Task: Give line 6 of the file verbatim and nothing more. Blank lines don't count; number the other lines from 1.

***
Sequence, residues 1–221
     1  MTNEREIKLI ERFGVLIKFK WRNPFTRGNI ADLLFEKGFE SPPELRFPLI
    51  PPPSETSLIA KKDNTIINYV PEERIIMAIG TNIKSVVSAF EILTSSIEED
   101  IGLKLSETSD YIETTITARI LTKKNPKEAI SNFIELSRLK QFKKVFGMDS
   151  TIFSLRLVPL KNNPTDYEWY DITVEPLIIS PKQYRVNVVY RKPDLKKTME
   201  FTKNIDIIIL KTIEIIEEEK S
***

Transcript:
   201  FTKNIDIIIL KTIEIIEEEK S